INDEPENDENCE, Mo. — Public health officials are concerned over the national drug overdose crisis, which is reportedly getting worse.

In fact, Thursday is International Overdose Awareness Day, an international observation to pay respect to those who’ve been lost to drug overdoses, and the families they’ve left behind. The worldwide campaign will be observed here in the Kansas City metro.

Public health officials in Independence report opioid death totals continue to rise. That city’s latest statistics from 2021 show a 66% increase in opioid overdoses, and the problem grows as fentanyl continues to find its way into other drugs.

“I’ve heard a couple of stories today of people who’ve seen someone have an overdose,” Terrell Sage, a public health specialist with Independence Heath and Animal Services, said on Wednesday.

Sage said more people have become sympathetic to this concern as accidental overdoses continue. Health service workers also point to children who are affected by drug-related deaths, and Jackson County statistics that show one out of every five overdose deaths involve a a child below age 15.

“Some people already know about Narcan. They’ve used it before and they’re here to get more. Some people wish they’d had it when they’d seen someone struggling,” Sage said.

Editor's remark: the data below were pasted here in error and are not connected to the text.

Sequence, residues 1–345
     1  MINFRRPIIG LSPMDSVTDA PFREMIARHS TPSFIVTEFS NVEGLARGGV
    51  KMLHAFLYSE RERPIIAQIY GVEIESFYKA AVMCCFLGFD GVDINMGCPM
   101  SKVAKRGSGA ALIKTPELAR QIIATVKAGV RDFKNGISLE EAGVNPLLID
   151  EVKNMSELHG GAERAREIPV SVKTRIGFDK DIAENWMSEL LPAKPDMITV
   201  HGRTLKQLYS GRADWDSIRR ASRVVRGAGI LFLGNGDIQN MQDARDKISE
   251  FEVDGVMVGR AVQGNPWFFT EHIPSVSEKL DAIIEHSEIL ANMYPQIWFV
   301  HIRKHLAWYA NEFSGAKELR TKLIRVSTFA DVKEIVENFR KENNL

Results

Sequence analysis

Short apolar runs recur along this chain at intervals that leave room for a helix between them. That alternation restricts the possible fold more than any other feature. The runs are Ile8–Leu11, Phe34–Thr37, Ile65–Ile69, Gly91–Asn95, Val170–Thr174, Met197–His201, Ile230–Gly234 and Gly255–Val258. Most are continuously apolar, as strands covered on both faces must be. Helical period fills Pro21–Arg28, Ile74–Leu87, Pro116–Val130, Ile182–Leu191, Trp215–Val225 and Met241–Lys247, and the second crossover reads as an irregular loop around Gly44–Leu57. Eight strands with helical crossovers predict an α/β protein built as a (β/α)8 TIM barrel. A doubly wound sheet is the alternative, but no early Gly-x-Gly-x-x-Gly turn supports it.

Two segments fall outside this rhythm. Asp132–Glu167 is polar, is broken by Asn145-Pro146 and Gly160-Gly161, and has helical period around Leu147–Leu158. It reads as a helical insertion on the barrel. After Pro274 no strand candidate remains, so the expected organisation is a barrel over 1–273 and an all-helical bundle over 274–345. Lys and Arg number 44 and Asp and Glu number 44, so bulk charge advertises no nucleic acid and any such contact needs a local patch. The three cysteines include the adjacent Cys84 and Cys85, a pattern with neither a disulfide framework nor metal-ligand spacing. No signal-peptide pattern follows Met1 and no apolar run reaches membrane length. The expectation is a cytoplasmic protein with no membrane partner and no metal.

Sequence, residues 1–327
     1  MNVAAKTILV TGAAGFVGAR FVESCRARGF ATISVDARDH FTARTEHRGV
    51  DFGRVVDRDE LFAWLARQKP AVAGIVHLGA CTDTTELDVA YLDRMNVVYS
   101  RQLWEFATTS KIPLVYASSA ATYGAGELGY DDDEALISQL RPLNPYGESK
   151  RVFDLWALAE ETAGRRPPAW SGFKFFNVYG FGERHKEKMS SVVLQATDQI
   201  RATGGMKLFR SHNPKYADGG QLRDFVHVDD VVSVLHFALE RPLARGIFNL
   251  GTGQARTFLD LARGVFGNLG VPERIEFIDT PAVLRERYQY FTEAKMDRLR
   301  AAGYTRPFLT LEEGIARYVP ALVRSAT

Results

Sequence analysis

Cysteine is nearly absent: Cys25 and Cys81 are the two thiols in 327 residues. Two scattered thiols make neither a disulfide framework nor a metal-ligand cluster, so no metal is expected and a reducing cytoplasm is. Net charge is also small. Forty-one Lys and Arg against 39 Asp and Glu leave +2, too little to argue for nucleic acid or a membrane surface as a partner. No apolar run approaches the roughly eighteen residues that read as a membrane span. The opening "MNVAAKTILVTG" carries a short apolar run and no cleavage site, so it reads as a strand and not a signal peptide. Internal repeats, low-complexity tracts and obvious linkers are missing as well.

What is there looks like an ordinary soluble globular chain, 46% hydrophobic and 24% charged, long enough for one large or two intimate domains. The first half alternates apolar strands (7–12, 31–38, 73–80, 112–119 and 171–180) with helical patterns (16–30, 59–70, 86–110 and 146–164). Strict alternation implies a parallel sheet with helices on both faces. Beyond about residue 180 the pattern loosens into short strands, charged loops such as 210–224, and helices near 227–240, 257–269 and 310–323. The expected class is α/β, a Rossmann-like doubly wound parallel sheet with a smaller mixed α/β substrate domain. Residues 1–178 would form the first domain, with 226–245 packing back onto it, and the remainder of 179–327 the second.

Sage and his fellow health workers staged a Narcan giveaway on Wednesday at one of the city’s public library branches. They’re planning three more giveaways for Thursday:

  • 9:30-11:30 a.m. – Wal-Mart 4000 S. Bolger Rd, Independence MO, 64055
  • 1-2:30 p.m. – Mid-Continent Public Library North Branch, 317 W. 24 Hwy., Independence, MO, 64050
  • 3-4:30 p.m. – Wal-Mart 3411 S. Noland Rd., Independence, MO, 64055

Jackson County legislators plan a special ceremony on the main courthouse steps in downtown Kansas City. First District Legislator Manny Abarca IV points to totals from First Call, which say African American people from Missouri rank third in the nation for potential overdose.

“That’s a problem. It’s a systemic problem that maybe we need to address across the street or in this building. Raising awareness about it, or calling attention to it is the focus of our efforts,” Abarca told FOX4.

Anyone in need of support and resources in cases that involve drug overdoses or potential concerns can contact First Call’s 24-hour crisis hotline at (816) 361-5900.